Metal contaminants

Food factories are full of metal, so it’s not surprising that pieces of metal are one of the most common bits of rubbish you can find in your food. Things such as mixers, rollers and pumps regularly end up with pieces coming off. After being examined under the microscope, a metal object can be examined by a special scanning electron microscope that tells the scientists exactly what is in the metal.

There was a case where a man thought he had found a piece of metal in a loaf of bread. When the scientists looked at the object under the electron microscope it showed that the piece of metal had an unusual mixture of mercurysilver and copper. The types of metal usually found in a food factory are things like cast iron or stainless steel, certainly not these rare metals. After a bit of head scratching the scientists worked out that there is only one use for that mixture of metals and that was in dental fillings. It turned out that the man who complained about the metal had lost a filling at the time he was eating the bread and hadn’t realised the metal was his rather than the bread maker’s.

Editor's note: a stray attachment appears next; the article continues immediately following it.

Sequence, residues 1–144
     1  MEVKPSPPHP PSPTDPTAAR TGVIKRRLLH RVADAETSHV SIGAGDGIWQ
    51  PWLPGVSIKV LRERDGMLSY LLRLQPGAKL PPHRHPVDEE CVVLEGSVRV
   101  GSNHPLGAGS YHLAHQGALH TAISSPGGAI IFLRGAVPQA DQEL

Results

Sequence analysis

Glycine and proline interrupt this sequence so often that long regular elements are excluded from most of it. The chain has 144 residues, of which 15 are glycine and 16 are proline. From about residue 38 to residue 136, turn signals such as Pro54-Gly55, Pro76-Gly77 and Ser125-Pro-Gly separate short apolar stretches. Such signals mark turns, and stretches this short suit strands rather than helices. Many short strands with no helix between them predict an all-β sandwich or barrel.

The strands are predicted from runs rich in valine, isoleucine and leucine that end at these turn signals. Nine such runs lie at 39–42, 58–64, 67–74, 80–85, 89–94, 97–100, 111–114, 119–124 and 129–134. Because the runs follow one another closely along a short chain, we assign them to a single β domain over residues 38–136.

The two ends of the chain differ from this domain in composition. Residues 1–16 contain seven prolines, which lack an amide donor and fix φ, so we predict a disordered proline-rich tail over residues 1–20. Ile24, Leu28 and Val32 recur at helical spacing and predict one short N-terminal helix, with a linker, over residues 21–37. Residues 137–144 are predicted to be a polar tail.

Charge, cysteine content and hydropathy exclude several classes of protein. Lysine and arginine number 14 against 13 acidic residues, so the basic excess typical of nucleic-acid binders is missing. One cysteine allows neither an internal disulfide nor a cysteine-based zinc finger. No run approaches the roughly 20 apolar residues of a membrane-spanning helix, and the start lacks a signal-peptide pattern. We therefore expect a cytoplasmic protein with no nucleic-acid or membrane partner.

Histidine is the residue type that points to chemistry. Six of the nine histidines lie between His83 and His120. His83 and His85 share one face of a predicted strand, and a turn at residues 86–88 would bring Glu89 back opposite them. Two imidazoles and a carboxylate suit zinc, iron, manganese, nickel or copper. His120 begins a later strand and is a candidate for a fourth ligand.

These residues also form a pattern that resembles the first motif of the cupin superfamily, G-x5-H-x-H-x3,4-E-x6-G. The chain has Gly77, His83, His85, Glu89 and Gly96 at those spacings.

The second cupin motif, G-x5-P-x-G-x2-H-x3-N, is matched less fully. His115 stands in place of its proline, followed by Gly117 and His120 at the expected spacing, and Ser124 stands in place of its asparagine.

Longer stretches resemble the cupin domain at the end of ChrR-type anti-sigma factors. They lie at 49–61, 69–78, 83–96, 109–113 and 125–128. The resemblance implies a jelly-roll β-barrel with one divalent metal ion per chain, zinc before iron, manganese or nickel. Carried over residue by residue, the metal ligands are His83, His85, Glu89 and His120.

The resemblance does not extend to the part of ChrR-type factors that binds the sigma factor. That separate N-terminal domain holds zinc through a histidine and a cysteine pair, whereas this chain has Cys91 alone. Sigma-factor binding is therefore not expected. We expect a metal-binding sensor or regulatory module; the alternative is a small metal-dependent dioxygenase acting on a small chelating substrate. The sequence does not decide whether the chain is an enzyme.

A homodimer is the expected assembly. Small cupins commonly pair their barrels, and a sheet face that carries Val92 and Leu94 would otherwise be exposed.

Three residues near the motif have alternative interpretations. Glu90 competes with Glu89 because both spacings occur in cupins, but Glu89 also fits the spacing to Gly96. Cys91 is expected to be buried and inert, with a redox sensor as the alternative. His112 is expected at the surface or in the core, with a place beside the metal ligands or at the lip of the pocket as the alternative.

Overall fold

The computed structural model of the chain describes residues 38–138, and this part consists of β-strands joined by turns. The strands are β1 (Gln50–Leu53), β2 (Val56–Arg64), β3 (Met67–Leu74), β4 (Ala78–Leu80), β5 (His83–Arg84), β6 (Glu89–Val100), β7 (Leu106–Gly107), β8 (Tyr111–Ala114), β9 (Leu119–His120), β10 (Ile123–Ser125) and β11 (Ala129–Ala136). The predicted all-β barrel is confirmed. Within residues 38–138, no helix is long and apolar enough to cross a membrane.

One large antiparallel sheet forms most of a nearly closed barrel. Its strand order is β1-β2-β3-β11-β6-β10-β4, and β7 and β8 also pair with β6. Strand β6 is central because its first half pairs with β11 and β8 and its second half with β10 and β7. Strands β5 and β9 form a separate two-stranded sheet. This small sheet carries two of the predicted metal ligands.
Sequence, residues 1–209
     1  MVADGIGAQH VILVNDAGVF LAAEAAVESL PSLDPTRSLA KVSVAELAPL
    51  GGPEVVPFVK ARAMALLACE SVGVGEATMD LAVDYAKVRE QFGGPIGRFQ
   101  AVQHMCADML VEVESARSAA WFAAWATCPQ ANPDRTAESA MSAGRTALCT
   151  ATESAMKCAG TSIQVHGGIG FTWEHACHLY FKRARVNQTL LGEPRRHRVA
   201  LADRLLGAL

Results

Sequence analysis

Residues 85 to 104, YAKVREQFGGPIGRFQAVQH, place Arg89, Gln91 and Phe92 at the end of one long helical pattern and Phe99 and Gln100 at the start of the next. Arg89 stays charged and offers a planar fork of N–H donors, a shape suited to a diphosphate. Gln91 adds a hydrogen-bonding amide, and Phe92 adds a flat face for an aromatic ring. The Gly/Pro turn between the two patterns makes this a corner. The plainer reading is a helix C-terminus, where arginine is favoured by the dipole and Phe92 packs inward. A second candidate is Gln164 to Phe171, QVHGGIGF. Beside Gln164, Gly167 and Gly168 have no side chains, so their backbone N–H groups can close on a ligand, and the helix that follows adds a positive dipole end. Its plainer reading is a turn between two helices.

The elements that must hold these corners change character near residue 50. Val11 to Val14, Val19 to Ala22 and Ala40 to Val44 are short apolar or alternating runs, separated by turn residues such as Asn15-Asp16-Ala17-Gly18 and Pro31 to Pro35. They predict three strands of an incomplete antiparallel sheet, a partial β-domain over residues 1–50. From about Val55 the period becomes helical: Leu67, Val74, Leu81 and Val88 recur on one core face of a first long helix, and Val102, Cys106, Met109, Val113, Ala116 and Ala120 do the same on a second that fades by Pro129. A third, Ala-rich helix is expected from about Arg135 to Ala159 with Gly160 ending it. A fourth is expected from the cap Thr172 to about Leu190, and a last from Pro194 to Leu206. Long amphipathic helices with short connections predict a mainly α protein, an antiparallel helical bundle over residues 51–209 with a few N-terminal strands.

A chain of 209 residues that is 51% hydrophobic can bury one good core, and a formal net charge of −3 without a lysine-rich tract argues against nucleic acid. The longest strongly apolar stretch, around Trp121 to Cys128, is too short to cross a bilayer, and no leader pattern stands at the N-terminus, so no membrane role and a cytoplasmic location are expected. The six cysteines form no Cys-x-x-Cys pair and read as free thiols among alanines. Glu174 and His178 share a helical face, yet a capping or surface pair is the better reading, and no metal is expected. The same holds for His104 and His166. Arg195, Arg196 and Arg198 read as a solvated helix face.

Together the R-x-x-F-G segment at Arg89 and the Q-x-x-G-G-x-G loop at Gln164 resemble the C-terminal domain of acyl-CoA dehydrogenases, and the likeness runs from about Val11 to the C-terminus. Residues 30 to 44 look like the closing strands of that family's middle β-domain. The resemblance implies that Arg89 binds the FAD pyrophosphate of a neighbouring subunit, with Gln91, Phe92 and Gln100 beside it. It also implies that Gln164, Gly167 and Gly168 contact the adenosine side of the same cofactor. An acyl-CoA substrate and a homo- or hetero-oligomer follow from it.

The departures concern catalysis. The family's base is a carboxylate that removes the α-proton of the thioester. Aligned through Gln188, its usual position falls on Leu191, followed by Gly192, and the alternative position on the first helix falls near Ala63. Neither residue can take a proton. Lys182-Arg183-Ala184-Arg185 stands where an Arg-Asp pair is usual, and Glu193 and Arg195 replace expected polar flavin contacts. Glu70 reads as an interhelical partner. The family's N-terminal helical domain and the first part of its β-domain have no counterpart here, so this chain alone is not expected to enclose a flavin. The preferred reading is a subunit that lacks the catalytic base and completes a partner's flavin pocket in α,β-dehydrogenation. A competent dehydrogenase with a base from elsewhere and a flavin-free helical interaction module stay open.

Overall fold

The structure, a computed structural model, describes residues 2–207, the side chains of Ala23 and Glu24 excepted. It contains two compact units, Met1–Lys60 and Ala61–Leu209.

Discovering false complaints

The scientists are also often able to tell at what stage a piece of rubbish enters the life cycle of the food. For example, when bread is baked, the dough will form a neat shape around the outside of the contaminant. If it has been put in after baking, the bread doesn’t have the shape formed neatly around the item.

Not all complaints are as innocent as the man with the lost filling. A student complained that he had found a fly in a meat pie. However, after an insect expert had cut the fly open under a microscope, he could tell from its insides that it had not been cooked. In fact the fly had been dead for sometime and had probably died of natural causes.

In another case involving a cockroach in a restaurant meal, scientists were able to copy a thumb-print off the back of the cockroach - the thumb print belonged to the man who complained.

Useful link

ESR (the Institute of Environmental Science and Research) is New Zealand’s Crown Research Institute that specialises in science relating to people and communities.


    Published 4 December 2008